Councilor Patrick Ganey has accepted a job with Middlebury College in Vermont and will resign from his Ward 4 seat on the Council.
When his resignation happens, however, is still up in the air, Ganey told Patch.
“I’ve accepted a job but I’m still here,” he said. “While I am on the Council, I am on the Council and I am fully engaged in its deliberations. I take my responsibilities very seriously and don’t want that to be compromised.”
Ganey, who came to Northfield nearly 20 years ago and has worked as a development officer for since 2003, said a lot of details are still being worked out with Middlebury. He said with a wife, three children and a house to sell, it’s unknown when he’ll actually leave Northfield.
“With any significant job transition, there are a significant number details. …We’re trying to figure the logistics out,” he said.
For Ganey, the position as a senior development officer, Asia, for Middlebury College is a great opportunity. Ganey, whose wife is Vietnamese, spent time in Thailand as a Peace Corps volunteer and has a strong interest in expanding philanthropy in Asia.
“To be part of that conversation to see how to help shape philanthropy in a lot of countries where there hasn’t been (is great),” he said.
Councilor Betsey Buckheit said Ganey will be missed when he leaves.
“He made an immediate positive impact on the Council when he was elected two years ago. I will miss his careful preparation, incisive consideration of issues and overwhelming commitment to ensuring local government serves the community well,” she told Patch. “The rest of the Council and I have been fortunate to have such a warm, thoughtful colleague and I wish Patrick and his family the best in their new adventure.”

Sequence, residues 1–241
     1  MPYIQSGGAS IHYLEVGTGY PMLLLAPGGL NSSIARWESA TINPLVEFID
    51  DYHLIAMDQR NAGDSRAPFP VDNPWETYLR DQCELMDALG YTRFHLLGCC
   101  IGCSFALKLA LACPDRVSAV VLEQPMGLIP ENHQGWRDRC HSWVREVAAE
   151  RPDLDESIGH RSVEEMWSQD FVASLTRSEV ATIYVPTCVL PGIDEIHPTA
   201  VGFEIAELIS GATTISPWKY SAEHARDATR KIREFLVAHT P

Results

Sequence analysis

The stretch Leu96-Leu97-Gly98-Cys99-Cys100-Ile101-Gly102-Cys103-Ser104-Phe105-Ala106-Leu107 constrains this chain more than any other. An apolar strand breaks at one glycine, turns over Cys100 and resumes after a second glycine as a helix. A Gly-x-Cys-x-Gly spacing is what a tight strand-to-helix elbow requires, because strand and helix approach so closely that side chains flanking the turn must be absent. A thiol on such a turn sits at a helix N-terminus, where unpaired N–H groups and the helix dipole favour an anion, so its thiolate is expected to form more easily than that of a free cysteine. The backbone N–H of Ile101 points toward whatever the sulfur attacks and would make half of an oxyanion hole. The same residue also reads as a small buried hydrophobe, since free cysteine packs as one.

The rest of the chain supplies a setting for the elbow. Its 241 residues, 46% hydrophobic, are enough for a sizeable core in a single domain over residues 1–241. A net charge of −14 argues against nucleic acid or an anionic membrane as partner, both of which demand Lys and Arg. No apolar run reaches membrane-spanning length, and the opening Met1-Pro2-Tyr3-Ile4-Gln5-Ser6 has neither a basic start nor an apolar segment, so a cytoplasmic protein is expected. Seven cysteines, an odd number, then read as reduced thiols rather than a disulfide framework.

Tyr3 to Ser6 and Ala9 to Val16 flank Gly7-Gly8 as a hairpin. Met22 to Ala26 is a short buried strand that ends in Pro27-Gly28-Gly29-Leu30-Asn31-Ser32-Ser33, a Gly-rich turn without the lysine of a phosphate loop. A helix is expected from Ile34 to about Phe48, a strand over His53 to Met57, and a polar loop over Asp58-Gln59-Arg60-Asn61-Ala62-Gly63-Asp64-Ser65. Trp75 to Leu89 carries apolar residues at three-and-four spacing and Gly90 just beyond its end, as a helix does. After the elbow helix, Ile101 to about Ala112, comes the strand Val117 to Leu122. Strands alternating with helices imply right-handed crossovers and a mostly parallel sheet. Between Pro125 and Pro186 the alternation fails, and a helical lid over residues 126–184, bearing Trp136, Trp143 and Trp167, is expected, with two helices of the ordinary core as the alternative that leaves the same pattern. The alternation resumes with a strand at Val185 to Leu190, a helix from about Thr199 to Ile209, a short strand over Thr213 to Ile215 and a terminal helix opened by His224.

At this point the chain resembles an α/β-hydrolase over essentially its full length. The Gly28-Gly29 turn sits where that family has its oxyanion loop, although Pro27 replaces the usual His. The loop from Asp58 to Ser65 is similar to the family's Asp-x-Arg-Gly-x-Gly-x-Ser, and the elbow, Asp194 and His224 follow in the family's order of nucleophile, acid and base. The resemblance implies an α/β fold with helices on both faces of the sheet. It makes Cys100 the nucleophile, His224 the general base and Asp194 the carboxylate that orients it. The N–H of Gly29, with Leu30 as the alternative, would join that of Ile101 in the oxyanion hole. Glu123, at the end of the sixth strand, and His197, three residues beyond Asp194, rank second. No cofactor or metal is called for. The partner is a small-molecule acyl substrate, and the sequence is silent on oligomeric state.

Impact on the Northfield City Council
But the move, whenever it happens, will bring more change to the Council, which could already see as many as four new faces in 2013 after .
Depending on when Ganey officially resigns from his seat will dictate the schedule to replace him, said City Administrator Tim Madigan.
According to city code, if Ganey, who was elected in November 2010 and took office in January 2011, resigns before the calendar year is over, the Council will need to appoint someone to fill his seat for the remainder of 2012 and all of 2013. Should he resign after the New Year, the Council will appoint someone for the remainder of 2013.
In both cases, a special election will be held in November 2013 to elect someone to finish out the fourth and final year of Ganey’s term.
It'll be the second time in about a year that the Council will need to appoint a replacement.
The Council in December 2011 appointed to fill former Councilor Kris Vohs’ seat, who resigned in November. In that case, there was about a five-week turnaround between Vohs’ announcement and Imm’s appointment.
A big difference between last year’s resignation is that Vohs, as an At-Large candidate, represented the entire city. When he resigned, came forward to fill the vacancy. In Ganey’s case, only Ward 4 residents will be able to apply to fill the vacancy.
In the 2010 general election, Ganey received 52.67 of the vote in defeating Dale B. Gehring, who received 46.9 of the vote. The two advanced to the general election after receiving more votes than Ward 4 incumbent Jon Denison in the primary election. This year, Denison is a candidate for Ward 3.
The eventual resignation caps an interesting year of politics for Ganey.
In February, he that he was seeking the DFL endorsement for Minnesota House District 20B. Nearly six weeks later, Ganey from that race and, five days later, for the DFL endorsement for Minnesota's Second Congressional District. At the end of April, Ganey conceded to Eagan's Mike Obermueller at the CD2 before the fourth ballot was counted.